Dabbagh: Suicide in Palestine: Narratives of Despair
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Suicide in Palestine: Narratives of Despair, by Nadia Taysir Dabbagh. Northampton, MA: Olive Branch Press, 2005. xii + 245 pages. Appendices to p. 262. Index to p. 265. $17.95 paper.

Reviewed by Sylvie Mansour

    Nadia Dabbagh’s Suicide in Palestine focuses on the “suicide phenomenon” in Palestinian society in response to “increasing public discourse and concern [in Palestine] about reports of suicide which was seen as something new and alien” (p. 2) in 1997, implying that suicide was a growing phenomenon. But the value of the book goes far beyond the analysis of a temporal phenomenon. Rather, it looks in a very innovative way at two main dimensions of self-destructive behavior: what is to be found in public discourse and what is related to private life histories, taking into consideration religious and societal beliefs.
    After putting suicide in the context of Western literature, Dabbagh examines past and present attitudes to death and suicide in the Arab world. She then focuses on the specific Palestinian context, looking at what could explain why people seemed to discover, in a state of quasi-panic, that suicide was a phenomenon in their community. She postulates that this moral panic happened when people started to realize that their steadfastness was to a certain extent a façade aimed at covering the despair buried deep inside. She also could have made the connection between this sudden interest in the phenomenon of suicide and the concerns that rose up around adolescents’ mental health in the aftermath of the first intifada: Countless articles in the media and workshops for social workers and counselors dealt with that issue. Adults were very worried about the fate of the youth of the intifada, their concerns based on a mixture of empathy for those children who had resisted the occupation and a desire to regain control over them, for they perceived the youths' new found independence as a threat to traditional values. The only way to know whether panic in public discourse corresponded to an increase in the incidence of suicide would be to have statistics, so Dabbagh takes the reader on a breathless quest for epidemiological data (which also serves as a pretext to demonstrate how statistics are always partially socially constructed).
    In the second part of the book, Dabbagh recounts thirty-one suicide narratives, analyzing the strong connection between private life and living under Israeli occupation. Based on her differential analysis of male and female life histories, she keeps her distance from an overly simplified view that tends too often to present Palestinian women as the main victims in society. Her book is especially admirable for two reasons. Young authors seldom are able to use an interdisciplinary approach with the skill that Dabbagh does. She uses concepts from psychiatry and psychology, epidemiological techniques, and anthropological methods without underplaying the contribution of any of those disciplines. She succeeds in giving a very comprehensive understanding of the “suicide phenomenon” in the Arab world in general and in Palestine in particular. She also addresses very sensitive issues without falling into the pitfalls of sensational stories of Palestinian “martyrs” or a unilateral description of Palestinian women’s distress.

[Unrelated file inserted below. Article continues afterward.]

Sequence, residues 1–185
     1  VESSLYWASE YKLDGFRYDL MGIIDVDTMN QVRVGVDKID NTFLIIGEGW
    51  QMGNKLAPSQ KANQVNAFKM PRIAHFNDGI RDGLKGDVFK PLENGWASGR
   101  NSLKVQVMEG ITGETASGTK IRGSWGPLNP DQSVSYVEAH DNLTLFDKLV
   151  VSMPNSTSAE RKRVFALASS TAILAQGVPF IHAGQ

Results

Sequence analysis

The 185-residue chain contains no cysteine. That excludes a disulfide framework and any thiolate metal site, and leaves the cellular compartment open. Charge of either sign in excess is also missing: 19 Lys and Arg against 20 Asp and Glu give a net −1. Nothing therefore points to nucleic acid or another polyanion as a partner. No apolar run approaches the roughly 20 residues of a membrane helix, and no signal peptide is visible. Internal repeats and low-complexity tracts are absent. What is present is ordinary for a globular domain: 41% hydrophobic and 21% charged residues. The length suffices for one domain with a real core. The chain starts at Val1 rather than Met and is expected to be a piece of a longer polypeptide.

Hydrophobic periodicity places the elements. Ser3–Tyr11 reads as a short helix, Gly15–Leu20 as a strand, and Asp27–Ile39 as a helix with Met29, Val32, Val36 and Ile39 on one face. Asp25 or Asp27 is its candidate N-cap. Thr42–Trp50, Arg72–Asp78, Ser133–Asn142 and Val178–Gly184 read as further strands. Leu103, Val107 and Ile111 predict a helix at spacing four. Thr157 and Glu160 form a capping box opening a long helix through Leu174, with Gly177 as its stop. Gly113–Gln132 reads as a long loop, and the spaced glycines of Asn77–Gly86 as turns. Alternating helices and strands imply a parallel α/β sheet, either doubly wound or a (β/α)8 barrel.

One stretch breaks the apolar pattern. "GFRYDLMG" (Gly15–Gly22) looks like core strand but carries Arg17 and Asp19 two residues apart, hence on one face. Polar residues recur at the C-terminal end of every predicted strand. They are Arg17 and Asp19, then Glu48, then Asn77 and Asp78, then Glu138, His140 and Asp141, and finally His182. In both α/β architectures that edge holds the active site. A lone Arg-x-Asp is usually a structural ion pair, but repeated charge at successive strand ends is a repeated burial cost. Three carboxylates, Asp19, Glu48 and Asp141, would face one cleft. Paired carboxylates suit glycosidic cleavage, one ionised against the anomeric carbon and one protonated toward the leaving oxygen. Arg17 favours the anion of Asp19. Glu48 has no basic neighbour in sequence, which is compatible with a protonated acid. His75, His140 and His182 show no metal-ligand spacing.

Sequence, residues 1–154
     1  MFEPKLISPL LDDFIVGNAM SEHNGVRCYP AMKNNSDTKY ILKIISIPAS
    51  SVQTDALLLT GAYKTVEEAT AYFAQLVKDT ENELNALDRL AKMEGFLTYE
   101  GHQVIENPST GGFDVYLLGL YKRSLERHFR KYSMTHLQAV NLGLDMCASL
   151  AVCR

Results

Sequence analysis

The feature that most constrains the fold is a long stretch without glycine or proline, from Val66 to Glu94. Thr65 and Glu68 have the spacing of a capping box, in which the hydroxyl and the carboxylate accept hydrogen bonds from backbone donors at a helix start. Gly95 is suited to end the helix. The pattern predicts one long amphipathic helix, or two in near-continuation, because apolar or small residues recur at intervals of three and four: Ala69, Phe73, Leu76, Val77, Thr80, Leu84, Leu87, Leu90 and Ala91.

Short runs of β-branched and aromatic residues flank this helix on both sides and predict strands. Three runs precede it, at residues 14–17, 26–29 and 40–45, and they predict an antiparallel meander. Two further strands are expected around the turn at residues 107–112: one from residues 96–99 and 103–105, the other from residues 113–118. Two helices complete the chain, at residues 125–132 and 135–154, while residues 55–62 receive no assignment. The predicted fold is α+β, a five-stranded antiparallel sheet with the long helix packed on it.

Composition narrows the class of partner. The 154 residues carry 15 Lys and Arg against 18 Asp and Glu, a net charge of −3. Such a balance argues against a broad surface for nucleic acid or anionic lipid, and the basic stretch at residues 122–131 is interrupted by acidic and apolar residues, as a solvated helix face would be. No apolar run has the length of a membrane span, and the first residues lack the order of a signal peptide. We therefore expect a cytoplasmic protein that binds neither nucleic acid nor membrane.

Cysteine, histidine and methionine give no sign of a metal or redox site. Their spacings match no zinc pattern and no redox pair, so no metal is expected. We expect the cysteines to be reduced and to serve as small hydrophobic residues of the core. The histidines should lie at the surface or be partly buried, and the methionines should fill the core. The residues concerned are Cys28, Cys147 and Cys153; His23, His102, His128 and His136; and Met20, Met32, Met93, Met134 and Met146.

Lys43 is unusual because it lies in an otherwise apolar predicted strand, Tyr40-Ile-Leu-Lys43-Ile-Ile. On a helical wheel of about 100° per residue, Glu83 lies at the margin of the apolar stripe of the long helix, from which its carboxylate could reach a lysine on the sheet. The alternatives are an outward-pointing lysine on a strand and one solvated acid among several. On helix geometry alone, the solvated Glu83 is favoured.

Suicide in Palestine is the outcome of a doctoral thesis and consequently will be appreciated by scholars for its solid analysis and references. Furthermore, it is written in an engaging style, enlivened with accounts of a desperate quest for statistics that sometimes holds the reader spellbound: “When I went to the Old Archive everyone laughed and said that no one goes there. I was even told that there were rats. When I finally got the key and went in it was a complete shambles and I could hardly get in . . .” (p. 107).
    The suicide narratives also allow the reader to understand what the Israeli occupation really means in the everyday life of Palestinians. The phenomenon of suicide is analyzed in the context of Palestinian identity and of the “ripple effect of war.”
    In 2006, one still has to give up the idea of gathering systematic data on suicide rates and suicidal attempts in Palestine. Local newspapers or other media do not seem to be especially interested in the issue anymore. But mental health workers regularly have to deal with the open expression of their patients’ suicidal ideas, as if some kind of equilibrium between steadfastness and despair has been reached, allowing for the acknowledgement of the psychological suffering of families confronted with still worsening life conditions.

Sylvie Mansour, a clinical psychologist who has worked in Lebanon and Palestine, is the author of Des enfants et des pierres: Enquête en Palestine occupée (Les livres de la revue d'études palestiniennes, 1988) and several articles on the mental health of Palestinian youths.

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